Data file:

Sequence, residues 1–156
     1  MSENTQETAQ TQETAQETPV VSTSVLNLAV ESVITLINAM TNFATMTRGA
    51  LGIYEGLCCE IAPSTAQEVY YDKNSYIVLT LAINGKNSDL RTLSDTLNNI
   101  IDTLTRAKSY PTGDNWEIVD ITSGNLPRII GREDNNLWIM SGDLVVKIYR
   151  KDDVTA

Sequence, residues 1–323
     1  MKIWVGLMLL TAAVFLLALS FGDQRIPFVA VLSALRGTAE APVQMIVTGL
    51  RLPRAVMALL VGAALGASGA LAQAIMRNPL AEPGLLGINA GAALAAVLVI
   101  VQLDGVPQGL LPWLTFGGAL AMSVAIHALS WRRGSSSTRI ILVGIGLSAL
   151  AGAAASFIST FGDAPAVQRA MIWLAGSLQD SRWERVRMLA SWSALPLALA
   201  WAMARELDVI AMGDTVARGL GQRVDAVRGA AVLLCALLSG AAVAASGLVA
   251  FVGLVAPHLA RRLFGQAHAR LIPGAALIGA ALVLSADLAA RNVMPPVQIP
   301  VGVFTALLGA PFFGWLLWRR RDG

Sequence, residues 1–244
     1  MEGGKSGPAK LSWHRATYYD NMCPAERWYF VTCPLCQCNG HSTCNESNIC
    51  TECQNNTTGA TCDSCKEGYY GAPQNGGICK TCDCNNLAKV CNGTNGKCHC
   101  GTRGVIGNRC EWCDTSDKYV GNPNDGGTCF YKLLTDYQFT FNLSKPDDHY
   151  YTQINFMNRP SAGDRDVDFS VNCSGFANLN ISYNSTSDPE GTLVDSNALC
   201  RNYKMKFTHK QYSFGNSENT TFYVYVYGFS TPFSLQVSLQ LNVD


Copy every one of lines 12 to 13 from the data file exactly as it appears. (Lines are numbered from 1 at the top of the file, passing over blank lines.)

   251  FVGLVAPHLA RRLFGQAHAR LIPGAALIGA ALVLSADLAA RNVMPPVQIP
   301  VGVFTALLGA PFFGWLLWRR RDG